Rep. Michael Capuano (D-Mass.) said over the weekend that he'll decide in the next few months whether to run for Senate in 2012.

Capuano, who unsuccessfully sought the Democratic Senate nomination in last January's special election to succeed the late Sen. Edward Kennedy (D), said he's being encouraged to run.

"I'm considering it," Capuano told WCVB television in Boston. "I'll make up my mind in the next few months as to whether it's something that I want to do, that my family wants to do, and whether it can be done."

Capuano is among several Democrats considering a run to unseat a top target of the party in 2012: Sen. Scott Brown (R-Mass.).

Brown won last January's special election in an upset victory, and has since then sought to build a campaign war chest and stake out a centrist position going into what's expected to be a difficult 2012 reelection effort.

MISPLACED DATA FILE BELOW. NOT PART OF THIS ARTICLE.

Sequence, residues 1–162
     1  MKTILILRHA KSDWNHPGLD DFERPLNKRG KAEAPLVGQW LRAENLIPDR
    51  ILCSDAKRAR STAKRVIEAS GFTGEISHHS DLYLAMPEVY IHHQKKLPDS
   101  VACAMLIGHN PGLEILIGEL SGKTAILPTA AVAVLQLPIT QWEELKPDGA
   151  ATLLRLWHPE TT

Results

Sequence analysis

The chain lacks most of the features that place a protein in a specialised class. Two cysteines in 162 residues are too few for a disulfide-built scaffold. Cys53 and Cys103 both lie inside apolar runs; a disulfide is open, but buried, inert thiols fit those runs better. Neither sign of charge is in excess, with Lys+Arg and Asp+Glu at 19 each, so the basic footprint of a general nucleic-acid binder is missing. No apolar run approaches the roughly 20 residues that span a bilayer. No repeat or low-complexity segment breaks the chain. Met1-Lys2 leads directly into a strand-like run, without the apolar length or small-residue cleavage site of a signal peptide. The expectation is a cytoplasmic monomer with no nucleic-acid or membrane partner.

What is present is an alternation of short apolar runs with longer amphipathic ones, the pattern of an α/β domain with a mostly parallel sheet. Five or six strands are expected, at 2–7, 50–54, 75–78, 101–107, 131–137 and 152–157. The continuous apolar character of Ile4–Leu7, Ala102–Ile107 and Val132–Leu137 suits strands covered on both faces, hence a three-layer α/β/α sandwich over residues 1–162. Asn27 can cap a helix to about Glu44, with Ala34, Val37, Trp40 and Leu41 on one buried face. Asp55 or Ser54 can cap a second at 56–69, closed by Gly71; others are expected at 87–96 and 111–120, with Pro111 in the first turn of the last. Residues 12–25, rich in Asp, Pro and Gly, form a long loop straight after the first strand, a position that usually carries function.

The GOP senator's upcoming filing with the Federal Election Commission is expected to show him with a whopping $7.1 million in cash on hand, the Boston Globe reported on Monday. That kind of piggy bank, which is sure to be bolstered by aggressive fundraising over the next two years, could prove a firewall in the Republican's reelection effort in normally-Democratic Massachusetts.

"I've never raised more money than my opponent, in any race I've ever had. I will not have more money than any people who are looking at this race, but I'll have enough money," Capuano said of the race, referring to both Brown and his potential primary challengers.

Capuano said Brown had made both good and bad votes as senator, but the Democrat honed in against the senator's vote to extend expiring tax cuts for two years as one of his worst — a possible preview of a 2012 campaign theme.